A new translation of Joseph Levenson’s iconic book has caught the attention of China’s intellectuals
August 21, 2023 — Why is the Chinese translation of a very old history of China, written by an American scholar in the middle of the 20th century, causing a sensation on social media among intellectuals in China? Joseph Levenson, who died in 1969, was one of John King Fairbank’s most distinguished students and one of the great 20th century American historians of modern China. His signature work, Confucian China and its Modern Fate, has just been published in Chinese by the Chinese University of Hong Kong Press. Chinese scholars have been sharing the link and adding comments on douban, the popular Chinese culture app. Why?
“This is connected to the question of how China should interact with the outside world; we are still making the transition from the Middle Kingdom to global citizen,” says Ge Zhaoguang, an eminent historian whose book, What is China?, grapples with Chinese identity. “Has Confucianism entered the museum? Reason tells us China must change, but emotionally, China can’t let go of its traditions.”
Levenson wrote about the loss of the civilisational absolutes embedded in Confucian traditions following the fall of the Qing Dynasty and the struggles of Chinese thinkers in the first half of the 1900s with the problem of how to define what “China” was in the modern world – was it (or should it be) a “civilizational” entity (tianxia 天下) or was it merely a nation-state (guojia 国家) among many? As Harvard China historian Mark C. Elliott says, Levenson was concerned with “a search for meaningful historical ground on which the modern Chinese nation can be built—a search that began in the early 20th century, took a radical turn under Mao (when Levenson was writing,) and is quite evidently ongoing.”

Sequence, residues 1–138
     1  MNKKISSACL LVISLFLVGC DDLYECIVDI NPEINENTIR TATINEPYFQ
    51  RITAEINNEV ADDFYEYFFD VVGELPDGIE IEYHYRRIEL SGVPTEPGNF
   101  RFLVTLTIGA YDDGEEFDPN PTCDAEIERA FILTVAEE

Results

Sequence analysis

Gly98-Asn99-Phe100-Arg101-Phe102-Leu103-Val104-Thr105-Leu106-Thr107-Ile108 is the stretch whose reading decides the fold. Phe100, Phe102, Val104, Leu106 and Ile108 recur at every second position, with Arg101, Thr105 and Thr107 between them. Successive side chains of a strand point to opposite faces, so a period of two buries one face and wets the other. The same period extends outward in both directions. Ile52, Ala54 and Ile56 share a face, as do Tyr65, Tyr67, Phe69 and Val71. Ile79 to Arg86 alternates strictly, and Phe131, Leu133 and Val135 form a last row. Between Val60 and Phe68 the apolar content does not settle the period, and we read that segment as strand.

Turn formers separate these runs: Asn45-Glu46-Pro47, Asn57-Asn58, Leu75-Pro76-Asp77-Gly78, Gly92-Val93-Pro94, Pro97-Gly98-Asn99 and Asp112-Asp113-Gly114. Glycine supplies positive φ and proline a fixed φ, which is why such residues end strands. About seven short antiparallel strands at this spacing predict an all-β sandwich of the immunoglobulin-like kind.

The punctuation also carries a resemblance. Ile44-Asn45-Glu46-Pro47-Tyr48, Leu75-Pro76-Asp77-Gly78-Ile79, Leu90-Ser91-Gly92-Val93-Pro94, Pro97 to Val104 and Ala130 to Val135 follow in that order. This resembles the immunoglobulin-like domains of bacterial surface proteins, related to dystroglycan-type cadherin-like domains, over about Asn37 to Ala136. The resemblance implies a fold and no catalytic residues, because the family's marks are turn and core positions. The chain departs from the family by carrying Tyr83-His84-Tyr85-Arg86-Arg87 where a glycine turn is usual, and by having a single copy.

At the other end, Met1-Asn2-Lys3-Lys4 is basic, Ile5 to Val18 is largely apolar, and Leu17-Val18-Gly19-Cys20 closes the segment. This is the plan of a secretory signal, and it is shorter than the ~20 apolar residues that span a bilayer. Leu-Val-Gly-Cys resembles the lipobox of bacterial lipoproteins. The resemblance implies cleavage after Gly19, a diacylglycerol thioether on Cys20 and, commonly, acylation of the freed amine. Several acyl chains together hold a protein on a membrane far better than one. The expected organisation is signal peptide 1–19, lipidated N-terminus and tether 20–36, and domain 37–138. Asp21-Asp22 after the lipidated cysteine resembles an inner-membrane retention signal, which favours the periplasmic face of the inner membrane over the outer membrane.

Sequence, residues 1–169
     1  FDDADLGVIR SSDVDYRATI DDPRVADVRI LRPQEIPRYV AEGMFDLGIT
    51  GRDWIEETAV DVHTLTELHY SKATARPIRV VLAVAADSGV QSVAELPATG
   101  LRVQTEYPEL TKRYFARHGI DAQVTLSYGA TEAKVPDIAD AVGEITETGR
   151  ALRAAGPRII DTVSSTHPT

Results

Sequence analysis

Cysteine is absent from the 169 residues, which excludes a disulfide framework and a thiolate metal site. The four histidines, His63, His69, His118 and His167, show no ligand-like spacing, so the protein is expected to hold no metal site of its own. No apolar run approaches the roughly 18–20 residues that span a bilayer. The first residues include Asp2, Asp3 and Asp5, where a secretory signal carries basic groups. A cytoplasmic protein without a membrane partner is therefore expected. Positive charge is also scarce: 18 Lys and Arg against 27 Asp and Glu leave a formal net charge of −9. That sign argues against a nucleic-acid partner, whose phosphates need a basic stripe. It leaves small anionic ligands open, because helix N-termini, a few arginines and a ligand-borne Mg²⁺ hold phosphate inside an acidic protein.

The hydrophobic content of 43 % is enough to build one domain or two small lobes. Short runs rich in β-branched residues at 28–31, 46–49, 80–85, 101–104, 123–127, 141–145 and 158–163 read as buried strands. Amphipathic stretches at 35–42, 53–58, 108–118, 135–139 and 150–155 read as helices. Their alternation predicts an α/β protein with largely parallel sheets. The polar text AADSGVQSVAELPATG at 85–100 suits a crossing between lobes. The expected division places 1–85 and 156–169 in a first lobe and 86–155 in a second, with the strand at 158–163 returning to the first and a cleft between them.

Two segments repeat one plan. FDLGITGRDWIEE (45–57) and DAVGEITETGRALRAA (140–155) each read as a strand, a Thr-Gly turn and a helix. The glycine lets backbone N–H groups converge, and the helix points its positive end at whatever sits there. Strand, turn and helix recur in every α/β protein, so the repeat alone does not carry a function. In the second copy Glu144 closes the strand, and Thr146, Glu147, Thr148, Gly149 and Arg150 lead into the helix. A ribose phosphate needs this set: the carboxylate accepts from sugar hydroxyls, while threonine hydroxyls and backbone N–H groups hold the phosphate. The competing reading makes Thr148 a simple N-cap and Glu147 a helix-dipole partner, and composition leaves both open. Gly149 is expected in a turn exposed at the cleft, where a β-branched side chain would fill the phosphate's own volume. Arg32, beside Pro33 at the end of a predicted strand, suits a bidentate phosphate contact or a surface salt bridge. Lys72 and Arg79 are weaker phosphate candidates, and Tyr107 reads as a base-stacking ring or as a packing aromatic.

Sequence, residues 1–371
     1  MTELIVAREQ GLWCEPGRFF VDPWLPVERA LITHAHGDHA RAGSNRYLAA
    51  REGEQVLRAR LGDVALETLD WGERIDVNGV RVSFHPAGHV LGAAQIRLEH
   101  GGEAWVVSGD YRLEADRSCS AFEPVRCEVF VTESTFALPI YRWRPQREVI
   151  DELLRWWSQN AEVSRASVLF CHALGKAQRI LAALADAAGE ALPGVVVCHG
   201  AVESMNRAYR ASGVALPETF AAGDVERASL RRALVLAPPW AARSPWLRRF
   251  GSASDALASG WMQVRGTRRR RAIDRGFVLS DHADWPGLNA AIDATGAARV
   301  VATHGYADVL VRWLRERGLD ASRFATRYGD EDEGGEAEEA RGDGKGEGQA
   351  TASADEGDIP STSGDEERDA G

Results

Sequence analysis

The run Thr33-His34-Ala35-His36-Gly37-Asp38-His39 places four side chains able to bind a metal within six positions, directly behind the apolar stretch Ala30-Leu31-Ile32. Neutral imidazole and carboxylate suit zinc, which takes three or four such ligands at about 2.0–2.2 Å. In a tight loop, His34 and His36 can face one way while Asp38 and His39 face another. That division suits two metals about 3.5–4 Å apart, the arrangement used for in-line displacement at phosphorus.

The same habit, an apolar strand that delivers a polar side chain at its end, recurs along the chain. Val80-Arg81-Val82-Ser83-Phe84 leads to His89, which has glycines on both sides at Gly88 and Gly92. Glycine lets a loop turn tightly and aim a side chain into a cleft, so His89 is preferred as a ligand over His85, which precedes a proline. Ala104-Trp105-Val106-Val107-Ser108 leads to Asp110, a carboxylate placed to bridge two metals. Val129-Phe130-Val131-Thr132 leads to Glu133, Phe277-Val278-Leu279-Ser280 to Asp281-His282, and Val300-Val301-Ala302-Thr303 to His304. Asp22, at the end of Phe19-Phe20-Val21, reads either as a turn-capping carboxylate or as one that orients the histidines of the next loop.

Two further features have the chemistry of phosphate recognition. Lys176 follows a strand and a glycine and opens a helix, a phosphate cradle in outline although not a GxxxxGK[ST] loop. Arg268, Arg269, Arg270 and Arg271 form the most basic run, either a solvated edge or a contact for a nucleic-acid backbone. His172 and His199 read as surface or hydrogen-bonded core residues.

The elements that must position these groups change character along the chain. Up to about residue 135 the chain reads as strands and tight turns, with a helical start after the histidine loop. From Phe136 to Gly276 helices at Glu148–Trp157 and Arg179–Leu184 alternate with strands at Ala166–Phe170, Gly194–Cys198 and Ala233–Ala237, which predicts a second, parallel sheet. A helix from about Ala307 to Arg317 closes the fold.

In the “Reader’s Guide” to the new translation, Elliott, Wen-hsin Yeh, Geremie Barmé, Tim Cheek, Gloria Davies, and Madeleine Dong explore the big questions addressed by Levenson’s work. They write: “The problems raised by Levenson – of reconciling nationalism and culturalism, of placing China in the current of world history, and the general issue of continuity and rupture in history and politics—remain unresolved still and are perhaps even more urgent today than in Levenson’s time.” A condensed version of their essay was published in the July edition of Dushu.
The new translation of Confucian China and Its Modern Fate, by Liu Wennan, is one of five volumes by and about Levenson planned for publication by CUHK over the next several months.